Wednesday, October 31, 2007


Maybe it's my misplaced Western idealism, maybe something is getting lost in translation, but the more time I spend here in Seoul, the more disturbed I get by the people around me.

I'm not talking about the easy cultural cheap shots like the absolutely insane stress over college admissions. I'm talking big questions here. The biggest, in fact: the problem of evil. In South Korea, this is no abstract condition - it is concrete, and it is mere miles away.

The North Korean regime is pure evil. No discussion. Its gulags and concentration camps, its torture, its forced famines, its absolute totalitarianism - this is as evil as it gets, as it has ever gotten.

And South Koreans don't really give a damn.

That's how it seems to me, anyway. Remember that short story about the town where utopia is achieved at the price of one child, locked in a basement, enduring constant abuse? That's what Seoul reminds me of (well, except for the utopia part). People just going about their lives, buying their high-fashion clothes, practicing their SATs, unconcerned that the most evil horrors in the history of the world are taking place a stone's throw away.

And this isn't like Americans being too busy to worry about Darfur. This would be like Americans turning a blind eye to a violent dictatorship in Iowa. Do you think that could ever happen? Even if the Iowa Supreme Ruler had his finger on the button?

I mean, North Koreans are their countrymen, their cousins. And yet, nothing. The only thing here people seem to organize against is the American military presence - the one force keeping them from sharing the North's fate.

Another story: earlier this year, a very small group of Koreans traveled to Afghanistan to help the sick and the poor (they were, oddly enough, Christian missionaries - who would have guessed?), only to be kidnapped by the Taliban. Folks here mostly just shrugged it off, or even made fun of them - the feeling was, they pretty much got what they deserved. Why stick your neck out for someone else? Wisdom, in its twisted, well-educated, immoral modern manifestation, is a virtue here. Sacrifice is not.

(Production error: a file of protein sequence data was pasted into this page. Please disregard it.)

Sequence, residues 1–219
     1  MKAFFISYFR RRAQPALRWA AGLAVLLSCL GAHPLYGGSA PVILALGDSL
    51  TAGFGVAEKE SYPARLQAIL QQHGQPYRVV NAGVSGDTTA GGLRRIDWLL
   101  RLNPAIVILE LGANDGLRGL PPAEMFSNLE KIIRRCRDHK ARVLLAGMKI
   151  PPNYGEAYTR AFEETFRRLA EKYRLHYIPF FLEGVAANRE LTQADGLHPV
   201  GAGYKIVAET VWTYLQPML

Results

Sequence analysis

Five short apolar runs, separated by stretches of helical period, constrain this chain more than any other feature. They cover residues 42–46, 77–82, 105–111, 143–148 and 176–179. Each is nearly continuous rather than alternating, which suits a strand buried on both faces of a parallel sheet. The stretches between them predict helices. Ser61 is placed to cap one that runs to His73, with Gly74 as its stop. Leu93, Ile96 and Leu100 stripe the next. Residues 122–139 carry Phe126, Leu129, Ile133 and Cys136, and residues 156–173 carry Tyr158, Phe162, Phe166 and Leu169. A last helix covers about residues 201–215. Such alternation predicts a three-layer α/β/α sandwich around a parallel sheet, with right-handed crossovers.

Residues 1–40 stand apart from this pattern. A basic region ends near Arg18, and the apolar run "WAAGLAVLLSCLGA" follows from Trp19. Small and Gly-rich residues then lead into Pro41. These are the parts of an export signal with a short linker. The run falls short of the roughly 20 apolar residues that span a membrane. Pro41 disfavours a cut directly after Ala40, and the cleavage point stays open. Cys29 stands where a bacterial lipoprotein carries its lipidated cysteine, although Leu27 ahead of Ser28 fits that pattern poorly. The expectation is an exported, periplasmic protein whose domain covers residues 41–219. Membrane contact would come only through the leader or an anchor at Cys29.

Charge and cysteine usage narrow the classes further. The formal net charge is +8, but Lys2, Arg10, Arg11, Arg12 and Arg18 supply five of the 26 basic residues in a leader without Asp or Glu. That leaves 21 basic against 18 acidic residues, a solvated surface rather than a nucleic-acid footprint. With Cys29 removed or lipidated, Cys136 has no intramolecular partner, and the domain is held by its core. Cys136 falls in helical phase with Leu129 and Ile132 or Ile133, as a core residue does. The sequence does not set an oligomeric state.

I mean, honestly, what is wrong with these people? The more I interact with them, the more time I spend talking to parents and children who think by far the most important thing in life is getting into a famous school, the more I wonder. Churches are everywhere, their neon crosses glaring through the night. Do they know that the only electricity in the North goes into its fences? There might not be any prison camps here, but there is evil nonetheless.

Tuesday, October 30, 2007

This is gonna be good

The Bluths, Dwight, and the man behind Thank You For Smoking. I cannot wait to see Juno:

Looks, moreover, like another entry in today's family values funny film renaissance. Like Kathy Shaidle likes to say (well, no, not exactly), you wanna make a difference, put down the rosary and pick up the seltzer!

(h/t to Dennis Miller)

Sunday, October 28, 2007

Winona Ryder and Marisa Tomei making out

Sorry for the light blogging, I've been super-busy at work the past few days.

As for the title of the post, I cannot, alas, deliver. It was just my way of expressing my excitement over what I consider to be the blogosphere equivalent, namely Kathy Shaidle's recent habit of linking to Rachel Lucas (here and here). If Althouse starts linking to the two of them, well, I'll be in my bunk.

A comment on the Derbyshire post Kathy links to: absolutely I agree with the pretty/sexy dynamic, but if you watch The Great Lie and tell me Bette Davis isn't the goshdarned prettiest thing this side of Pollyanna, then you're worse than Hitler.

As for the horror movie list, how on earth can they claim that Tremors is the fifth best conservative horror movie of all time? It is, in point of fact, the absolute greatest movie of all time.

I would also like to disagree with the "liberals are 'vampire' people, conservatives are 'Frankenstein' people" remark, but I won't, because to do so would reveal far more about the Buffyverse than I would ever publicly admit to knowing...

On to the 80's music list. Sorry, Kathy, but "Wanted Dead or Alive" blows. "Eye of the Tiger," on the other hand, certainly is up there, but the greatest 80s song ever is, hands down, "Holding Out for a Hero."

Well, that's it for now. Work should be lighter this week, so don't go away for too long!

Okay, okay, a little Marisa to close with, I can't help myself:

Monday, October 22, 2007

Good Interview

Check it out.

My favorite lines:

"Smoking kills you, but life kills you, and if you don’t want to die, go into a freezer when you are born and nothing will happen to you."

and, of course: "What is sexy about having something that looks like a goose anus?"

Never read her comic myself, but sounds interesting.

Hey, it builds character!

I have a deep and personal hatred for communists, so I'm obviously no big fan of China, but of all the reasons to hate them, I cannot understand this focus on lead in children's toys.